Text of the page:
Says ‘we don’t know’ where virus originated
An official at the University of Washington suggested Wednesday that the coronavirus may have originated in the United States, a highly disputed theory that has been advanced by officials within the Chinese government.
Rickey Hall, vice president for minority affairs and diversity at the University of Washington, made the comments during a Zoom panel discussion hosted by PEN America, a free expression nonprofit.
“We don’t know where this virus originated,” Hall said. “It could have originated in the United States.”
The panel “Hate, Xenophobia, and COVID-19: How Should Higher Ed Respond?” featured several officials from different institutions of higher education.
Hate, Xenophobia, and COVID-19: How Should #HigherEd Respond? Join our campus free speech program webinar TODAY at 3:30 pm EST to learn about proactive and reactive steps faculty and administrators can take. Register here: https://t.co/3Yx7rMsxra.
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Hall was one of two diversity officers on the panel, the other being Mariam Lam, UC Riverside’s associate vice chancellor and chief diversity officer.
Additionally, CU Boulder professor of ethnic studies Jennifer Ho and Emory University’s Assistant Vice President of Counseling and Psychological Services Wanda Collins were featured in the discussion as well.
Ho began the discussion with a powerpoint presentation explaining why calling the coronavirus the “Chinese virus” is racist, and how professors and colleges should address the issue.
Ho said that the virus “has a name,” COVID-19, and that the World Health Organization had named it that in order “to avoid the stigmatization that has happened in the past when diseases have been affiliated with geographic regions or ethnicities.”
“Though the virus may have first originated in Wuhan, China, it has become a global pandemic,” Ho said. “And as the WHO and many other organizations have noted, to misname the virus and call it by its point of origin engages in racist practices of blaming a region and by extension a group of people with this disease.”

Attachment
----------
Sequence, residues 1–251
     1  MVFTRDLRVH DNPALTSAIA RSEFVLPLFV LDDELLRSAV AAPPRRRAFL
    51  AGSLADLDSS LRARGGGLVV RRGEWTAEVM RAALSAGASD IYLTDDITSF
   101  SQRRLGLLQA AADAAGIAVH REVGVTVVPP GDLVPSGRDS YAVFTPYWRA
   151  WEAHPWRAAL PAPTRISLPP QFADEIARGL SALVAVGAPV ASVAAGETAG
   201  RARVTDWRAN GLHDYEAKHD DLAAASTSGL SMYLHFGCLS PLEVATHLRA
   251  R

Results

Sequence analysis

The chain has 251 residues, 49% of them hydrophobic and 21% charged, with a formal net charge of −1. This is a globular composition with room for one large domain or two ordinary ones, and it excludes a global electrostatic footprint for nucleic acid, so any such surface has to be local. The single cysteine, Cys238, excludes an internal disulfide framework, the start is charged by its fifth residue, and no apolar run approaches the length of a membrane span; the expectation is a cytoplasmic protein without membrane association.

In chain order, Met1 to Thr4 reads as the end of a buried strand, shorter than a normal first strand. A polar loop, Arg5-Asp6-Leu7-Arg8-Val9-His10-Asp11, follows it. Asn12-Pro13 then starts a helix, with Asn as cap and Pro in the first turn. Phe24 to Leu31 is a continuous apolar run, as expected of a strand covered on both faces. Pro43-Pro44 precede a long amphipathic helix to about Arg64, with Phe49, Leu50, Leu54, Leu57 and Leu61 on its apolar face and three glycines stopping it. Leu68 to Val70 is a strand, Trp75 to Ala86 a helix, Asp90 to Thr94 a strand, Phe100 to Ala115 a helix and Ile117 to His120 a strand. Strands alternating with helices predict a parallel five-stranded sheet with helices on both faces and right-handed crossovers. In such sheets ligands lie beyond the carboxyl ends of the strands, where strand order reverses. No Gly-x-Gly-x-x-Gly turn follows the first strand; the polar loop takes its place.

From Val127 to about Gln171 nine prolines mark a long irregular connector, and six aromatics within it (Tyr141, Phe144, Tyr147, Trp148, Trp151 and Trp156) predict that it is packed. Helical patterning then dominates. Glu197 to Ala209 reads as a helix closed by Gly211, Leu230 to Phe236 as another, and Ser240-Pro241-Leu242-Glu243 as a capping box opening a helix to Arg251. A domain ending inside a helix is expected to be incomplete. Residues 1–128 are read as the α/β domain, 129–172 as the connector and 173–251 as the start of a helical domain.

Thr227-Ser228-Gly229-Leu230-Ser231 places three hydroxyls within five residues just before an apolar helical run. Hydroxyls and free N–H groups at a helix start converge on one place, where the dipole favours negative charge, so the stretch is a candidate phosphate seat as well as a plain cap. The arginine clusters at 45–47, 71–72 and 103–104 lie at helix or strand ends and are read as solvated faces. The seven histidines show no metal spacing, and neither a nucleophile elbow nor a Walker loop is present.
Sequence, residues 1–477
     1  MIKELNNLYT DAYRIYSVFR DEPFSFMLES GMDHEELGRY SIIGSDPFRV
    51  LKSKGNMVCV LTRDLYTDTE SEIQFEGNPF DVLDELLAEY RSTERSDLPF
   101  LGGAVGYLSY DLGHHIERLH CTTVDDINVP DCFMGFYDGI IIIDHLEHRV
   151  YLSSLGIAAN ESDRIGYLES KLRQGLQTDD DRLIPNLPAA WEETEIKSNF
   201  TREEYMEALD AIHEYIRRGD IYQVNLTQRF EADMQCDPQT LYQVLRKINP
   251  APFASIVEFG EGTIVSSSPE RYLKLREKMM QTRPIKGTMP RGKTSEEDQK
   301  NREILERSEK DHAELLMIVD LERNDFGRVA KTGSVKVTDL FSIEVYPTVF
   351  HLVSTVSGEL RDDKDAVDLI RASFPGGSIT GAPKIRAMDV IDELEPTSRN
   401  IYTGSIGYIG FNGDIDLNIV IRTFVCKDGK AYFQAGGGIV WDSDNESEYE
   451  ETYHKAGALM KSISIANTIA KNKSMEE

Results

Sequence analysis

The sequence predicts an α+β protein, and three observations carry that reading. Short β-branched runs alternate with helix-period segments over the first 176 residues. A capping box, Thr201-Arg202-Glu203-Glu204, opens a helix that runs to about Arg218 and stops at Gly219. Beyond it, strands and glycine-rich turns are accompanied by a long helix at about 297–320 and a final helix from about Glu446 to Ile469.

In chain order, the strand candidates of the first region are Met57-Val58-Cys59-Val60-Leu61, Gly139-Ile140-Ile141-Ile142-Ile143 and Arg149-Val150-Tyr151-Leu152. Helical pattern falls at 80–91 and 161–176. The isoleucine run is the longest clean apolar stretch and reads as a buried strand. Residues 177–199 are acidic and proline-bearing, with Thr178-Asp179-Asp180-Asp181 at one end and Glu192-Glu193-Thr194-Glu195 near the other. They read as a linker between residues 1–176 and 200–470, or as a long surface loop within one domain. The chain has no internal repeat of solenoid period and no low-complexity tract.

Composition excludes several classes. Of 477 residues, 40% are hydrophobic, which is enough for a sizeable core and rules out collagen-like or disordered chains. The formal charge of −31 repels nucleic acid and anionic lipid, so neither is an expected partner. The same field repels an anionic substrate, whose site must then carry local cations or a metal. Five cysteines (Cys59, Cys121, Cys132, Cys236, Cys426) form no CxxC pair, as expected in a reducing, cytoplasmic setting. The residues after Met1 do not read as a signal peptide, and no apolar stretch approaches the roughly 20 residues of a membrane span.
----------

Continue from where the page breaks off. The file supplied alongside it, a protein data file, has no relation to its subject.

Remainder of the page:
Referring to COVID-19 as the “Chinese virus” or “Wuhan virus” has been a topic of controversy since the beginning of the pandemic. For several weeks President Donald Trump referred to the virus by its country of origin during his daily press briefings before stopping.
Collins, during her presentation, said the outbreak of the virus “has amplified the need for safety and control in an uncertain world,” and that such uncertainty is one of the drivers of hate and xenophobia.
“Some people, armed with bias, prejudice, and misinformation, look for people from an out-group to blame because it creates a false sense of security and control,” Collins said. “Feelings of fear can turn into feelings of hate and disgust toward members of an out-group, this includes a process of dehumanization that leads to a justification for harming others or letting them suffer.”
“Hatred numbs feelings of guilt and shame, which reduces psychological conflict,” she said.
Collins provided detailed instructions about how to “respond or intervene when someone is being racist,” which started with “if someone is being victimized, the most important thing is supporting that person’s physical and emotional safety.”
“One buffer against the negative psychological impact of hate and xenophobia is to have allies and bystanders speak up against the behavior,” Collins said. “Even a simple statement of dissent such as ‘I disagree’… is more helpful than silence.”
Ho said it wasn’t enough to simply not be racist, rather people had to take the further step of being “anti-racist.”
“If you want to be anti-racist, you need to promote work towards anti-racism,” Ho said, criticizing silence in the face of racism and saying the pandemic provides an “opportunity to talk about xenophobia in America.”
UC Riverside’s Lam said that racism is often tied to socioeconomic reasons and that UC had faced problems with racist “Zoom-bombing” where internet trolls disrupt Zoom meetings with racist messages in the middle of online classes.
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